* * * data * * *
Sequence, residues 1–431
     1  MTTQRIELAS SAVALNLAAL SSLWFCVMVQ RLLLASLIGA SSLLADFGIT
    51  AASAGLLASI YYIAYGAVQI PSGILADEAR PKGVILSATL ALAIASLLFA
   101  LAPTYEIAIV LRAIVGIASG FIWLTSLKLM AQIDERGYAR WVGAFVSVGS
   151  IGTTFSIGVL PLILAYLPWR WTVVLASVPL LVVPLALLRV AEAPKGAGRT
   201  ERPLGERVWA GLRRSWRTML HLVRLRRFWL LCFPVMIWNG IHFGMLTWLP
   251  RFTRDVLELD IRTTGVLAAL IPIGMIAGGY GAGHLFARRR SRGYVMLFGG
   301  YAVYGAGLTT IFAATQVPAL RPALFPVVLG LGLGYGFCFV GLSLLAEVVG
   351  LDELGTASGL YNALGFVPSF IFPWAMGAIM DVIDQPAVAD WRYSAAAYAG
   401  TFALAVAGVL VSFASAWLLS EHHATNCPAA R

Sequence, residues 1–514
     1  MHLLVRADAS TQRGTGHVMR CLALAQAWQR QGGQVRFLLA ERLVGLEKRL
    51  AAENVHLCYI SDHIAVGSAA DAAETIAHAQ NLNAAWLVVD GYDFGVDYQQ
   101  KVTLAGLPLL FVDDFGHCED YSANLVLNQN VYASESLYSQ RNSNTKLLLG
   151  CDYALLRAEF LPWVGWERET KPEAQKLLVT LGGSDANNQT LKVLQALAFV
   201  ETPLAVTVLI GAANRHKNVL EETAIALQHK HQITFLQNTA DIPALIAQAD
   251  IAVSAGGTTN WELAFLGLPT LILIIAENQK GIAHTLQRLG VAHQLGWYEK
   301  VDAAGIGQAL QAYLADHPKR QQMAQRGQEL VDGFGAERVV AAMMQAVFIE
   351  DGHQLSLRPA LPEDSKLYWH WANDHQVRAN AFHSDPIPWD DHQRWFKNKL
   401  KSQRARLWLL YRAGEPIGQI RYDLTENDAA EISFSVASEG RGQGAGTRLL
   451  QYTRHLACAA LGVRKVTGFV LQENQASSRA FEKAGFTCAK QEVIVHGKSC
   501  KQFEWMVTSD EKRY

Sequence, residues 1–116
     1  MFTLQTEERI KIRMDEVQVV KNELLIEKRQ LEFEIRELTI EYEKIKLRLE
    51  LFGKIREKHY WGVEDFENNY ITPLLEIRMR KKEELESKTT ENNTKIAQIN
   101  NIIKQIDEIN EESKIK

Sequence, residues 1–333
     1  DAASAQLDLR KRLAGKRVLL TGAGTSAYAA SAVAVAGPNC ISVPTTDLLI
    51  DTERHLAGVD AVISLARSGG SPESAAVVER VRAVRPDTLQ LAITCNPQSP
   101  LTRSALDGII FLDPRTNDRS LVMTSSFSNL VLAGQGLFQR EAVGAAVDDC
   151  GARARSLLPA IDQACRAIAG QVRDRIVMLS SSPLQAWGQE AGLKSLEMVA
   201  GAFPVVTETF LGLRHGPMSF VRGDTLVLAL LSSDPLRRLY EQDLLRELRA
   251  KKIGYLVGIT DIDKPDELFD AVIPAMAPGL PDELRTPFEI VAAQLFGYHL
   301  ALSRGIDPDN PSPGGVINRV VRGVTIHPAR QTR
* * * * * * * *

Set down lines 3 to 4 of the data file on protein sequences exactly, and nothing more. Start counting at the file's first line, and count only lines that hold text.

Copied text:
    51  AASAGLLASI YYIAYGAVQI PSGILADEAR PKGVILSATL ALAIASLLFA
   101  LAPTYEIAIV LRAIVGIASG FIWLTSLKLM AQIDERGYAR WVGAFVSVGS